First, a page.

Monday, January 17, 2011

Is it a Cold or the Flu?

Knowing whether you have a cold or the flu can be difficult to determine, but it's important to know the difference because getting the flu can have life-threatening complications.

The terms "cold" and "flu" describe illnesses that are caused by many different viruses. However, it is helpful to be able to recognize which type of illness you have so that you will know what to expect and be able to make decisions about whether you need to seek medical care.

Both colds and flus can result in a runny nose, stuffy head, sore throat and fatigue. But there are some readily identifiable ways the illnesses differ. Generally speaking, the common cold has milder symptoms and a quicker recovery period with a low risk of complications. In contrast, the flu tends to make people feel worse, lasts longer and can have life-threatening complications such as pneumonia. Colds tend to peak in intensity on the third day of illness, with recovery in five to seven days. Flu symptoms, conversely, may start with greater intensity and last much longer.

One of the most helpful clues in telling the difference is that if you have a fever of 100 degrees Fahrenheit or higher, you probably do not have a cold. The presence of a fever does not always mean that you have the flu, but it does make it very unlikely that you have a cold.

The main exception to this rule is that children may run fevers when they have a common cold. It is also important to note that while fever is a very common symptom of the flu, it doesn't happen to everyone. The elderly and those with compromised immune systems in particular may not have a fever when they have the flu.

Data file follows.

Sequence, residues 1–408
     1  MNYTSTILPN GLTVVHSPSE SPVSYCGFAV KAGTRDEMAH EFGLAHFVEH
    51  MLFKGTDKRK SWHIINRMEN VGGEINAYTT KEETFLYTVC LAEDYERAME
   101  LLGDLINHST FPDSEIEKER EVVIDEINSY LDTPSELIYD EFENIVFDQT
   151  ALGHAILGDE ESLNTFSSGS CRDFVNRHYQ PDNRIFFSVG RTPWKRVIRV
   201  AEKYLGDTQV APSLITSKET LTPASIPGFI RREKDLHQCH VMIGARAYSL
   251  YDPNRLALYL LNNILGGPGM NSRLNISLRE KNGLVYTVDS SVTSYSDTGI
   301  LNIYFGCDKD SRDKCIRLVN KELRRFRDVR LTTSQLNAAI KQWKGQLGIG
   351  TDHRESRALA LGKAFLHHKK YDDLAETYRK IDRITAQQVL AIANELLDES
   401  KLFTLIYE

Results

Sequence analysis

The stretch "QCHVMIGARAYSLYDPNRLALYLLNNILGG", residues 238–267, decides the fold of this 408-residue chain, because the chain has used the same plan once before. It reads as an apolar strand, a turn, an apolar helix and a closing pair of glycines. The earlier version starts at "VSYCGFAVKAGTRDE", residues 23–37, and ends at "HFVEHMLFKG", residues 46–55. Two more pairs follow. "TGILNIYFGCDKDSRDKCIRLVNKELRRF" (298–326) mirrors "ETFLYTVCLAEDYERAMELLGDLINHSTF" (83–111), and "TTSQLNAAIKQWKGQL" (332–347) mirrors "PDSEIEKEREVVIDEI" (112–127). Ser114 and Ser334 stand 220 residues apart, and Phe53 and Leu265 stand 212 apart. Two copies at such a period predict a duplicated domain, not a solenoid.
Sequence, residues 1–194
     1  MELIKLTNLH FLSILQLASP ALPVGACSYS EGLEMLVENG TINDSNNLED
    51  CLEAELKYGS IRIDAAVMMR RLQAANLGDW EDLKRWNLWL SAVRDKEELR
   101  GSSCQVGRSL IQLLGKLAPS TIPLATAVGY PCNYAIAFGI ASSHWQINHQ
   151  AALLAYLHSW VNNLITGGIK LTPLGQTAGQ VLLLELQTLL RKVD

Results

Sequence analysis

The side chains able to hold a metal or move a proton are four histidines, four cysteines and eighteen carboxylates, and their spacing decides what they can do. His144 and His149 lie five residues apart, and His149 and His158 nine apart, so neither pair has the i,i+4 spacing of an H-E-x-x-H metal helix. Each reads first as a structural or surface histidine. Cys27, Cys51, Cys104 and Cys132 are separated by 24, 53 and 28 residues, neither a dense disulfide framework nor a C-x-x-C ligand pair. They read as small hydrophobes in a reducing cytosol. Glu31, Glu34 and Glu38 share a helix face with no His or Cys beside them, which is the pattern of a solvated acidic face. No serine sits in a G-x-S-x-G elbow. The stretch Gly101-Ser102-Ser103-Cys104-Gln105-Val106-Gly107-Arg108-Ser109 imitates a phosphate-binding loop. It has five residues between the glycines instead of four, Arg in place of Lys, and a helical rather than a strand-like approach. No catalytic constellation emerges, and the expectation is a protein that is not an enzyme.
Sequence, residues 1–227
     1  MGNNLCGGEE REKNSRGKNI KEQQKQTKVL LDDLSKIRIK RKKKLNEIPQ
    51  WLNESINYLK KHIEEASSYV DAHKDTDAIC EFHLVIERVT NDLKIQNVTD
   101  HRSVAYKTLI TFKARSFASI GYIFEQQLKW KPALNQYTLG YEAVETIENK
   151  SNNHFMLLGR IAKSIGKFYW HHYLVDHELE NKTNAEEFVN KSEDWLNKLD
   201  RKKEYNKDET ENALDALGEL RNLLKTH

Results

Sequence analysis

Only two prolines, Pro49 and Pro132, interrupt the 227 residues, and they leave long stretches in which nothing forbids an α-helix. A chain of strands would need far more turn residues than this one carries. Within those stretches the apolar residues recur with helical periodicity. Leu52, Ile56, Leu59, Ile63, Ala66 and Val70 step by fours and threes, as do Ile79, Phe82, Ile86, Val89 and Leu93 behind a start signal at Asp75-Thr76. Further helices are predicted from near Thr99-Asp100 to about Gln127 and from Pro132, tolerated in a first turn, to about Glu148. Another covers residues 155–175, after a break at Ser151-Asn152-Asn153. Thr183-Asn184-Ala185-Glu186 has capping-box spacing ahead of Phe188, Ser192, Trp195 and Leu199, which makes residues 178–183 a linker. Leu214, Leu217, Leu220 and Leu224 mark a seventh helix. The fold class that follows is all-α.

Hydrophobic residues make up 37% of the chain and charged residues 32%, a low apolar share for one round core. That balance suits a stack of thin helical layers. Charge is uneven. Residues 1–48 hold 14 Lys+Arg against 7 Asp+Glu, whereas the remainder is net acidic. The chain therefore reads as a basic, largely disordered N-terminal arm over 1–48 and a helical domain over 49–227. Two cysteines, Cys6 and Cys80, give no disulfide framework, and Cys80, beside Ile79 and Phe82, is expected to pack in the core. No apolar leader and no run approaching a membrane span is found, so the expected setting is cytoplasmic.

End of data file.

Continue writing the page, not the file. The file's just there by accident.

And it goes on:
Unlike the common cold, the flu tends to cause full-body symptoms such as chills and muscle aches. The flu also may cause digestive symptoms, such as nausea, vomiting and diarrhea. In contrast, symptoms of the common cold are usually restricted to the head and chest.

Another difference between colds and flus is the type of cough that develops. The common cold tends to cause a wet cough, which may be accompanied by spitting up phlegm. The flu cough tends to be dry, with little or no mucus production.

If you are a healthy teen or adult with a cold or flu, home treatments such as resting and drinking plenty of fluids are probably all you need to make a full recovery. Children younger than two years old, the elderly and adults with chronic health conditions are especially at risk for developing complications from the flu and may require more care. The following are signs that indicate a sick person needs prompt medical attention:

  • Difficulty breathing or chest pain
  • Blue or purplish discoloration of the lips
  • Vomiting with the inability to hold down liquids
  • Signs of dehydration: feeling dizzy when standing, being unable to urinate and for infants, crying without shedding tears
  • Seizures or uncontrolled convulsions
  • Becoming confused or disoriented

There are many things to consider in caring for yourself or family members who have the flu. More information on this topic is available from the Centers for Disease Control and Prevention.

— Miranda Marti, ND, LAc, naturopathic physician and resident at Bastyr Center for Natural Health, the teaching clinic of Bastyr University. For more information, call (206) 834-4100 to schedule an appointment.

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